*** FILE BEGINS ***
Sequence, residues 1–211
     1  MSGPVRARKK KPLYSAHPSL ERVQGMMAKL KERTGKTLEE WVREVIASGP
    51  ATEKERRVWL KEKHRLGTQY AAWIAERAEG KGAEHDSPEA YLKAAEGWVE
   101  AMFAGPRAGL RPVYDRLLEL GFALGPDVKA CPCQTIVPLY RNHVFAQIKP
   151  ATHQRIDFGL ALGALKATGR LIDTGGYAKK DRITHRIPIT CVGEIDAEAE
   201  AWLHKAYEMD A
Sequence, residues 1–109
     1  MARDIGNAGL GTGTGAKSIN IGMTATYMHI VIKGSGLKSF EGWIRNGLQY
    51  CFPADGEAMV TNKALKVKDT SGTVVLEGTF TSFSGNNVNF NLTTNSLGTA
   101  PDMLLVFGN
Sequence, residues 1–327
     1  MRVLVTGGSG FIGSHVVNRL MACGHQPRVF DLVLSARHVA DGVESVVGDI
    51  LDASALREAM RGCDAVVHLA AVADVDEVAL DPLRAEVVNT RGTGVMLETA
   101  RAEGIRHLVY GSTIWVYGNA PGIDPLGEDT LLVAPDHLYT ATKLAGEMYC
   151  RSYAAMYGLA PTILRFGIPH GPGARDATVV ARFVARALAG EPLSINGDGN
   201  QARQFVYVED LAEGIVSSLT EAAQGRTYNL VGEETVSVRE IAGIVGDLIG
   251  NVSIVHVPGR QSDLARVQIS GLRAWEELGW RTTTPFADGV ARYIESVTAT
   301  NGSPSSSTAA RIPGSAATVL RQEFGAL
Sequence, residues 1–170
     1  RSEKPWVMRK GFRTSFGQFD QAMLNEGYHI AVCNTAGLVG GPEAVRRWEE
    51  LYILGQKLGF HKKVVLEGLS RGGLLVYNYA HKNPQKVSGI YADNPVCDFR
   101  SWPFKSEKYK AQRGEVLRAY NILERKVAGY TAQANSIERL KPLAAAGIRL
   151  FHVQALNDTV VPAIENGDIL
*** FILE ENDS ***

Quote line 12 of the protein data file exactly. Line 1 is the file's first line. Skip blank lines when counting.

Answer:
     1  MRVLVTGGSG FIGSHVVNRL MACGHQPRVF DLVLSARHVA DGVESVVGDI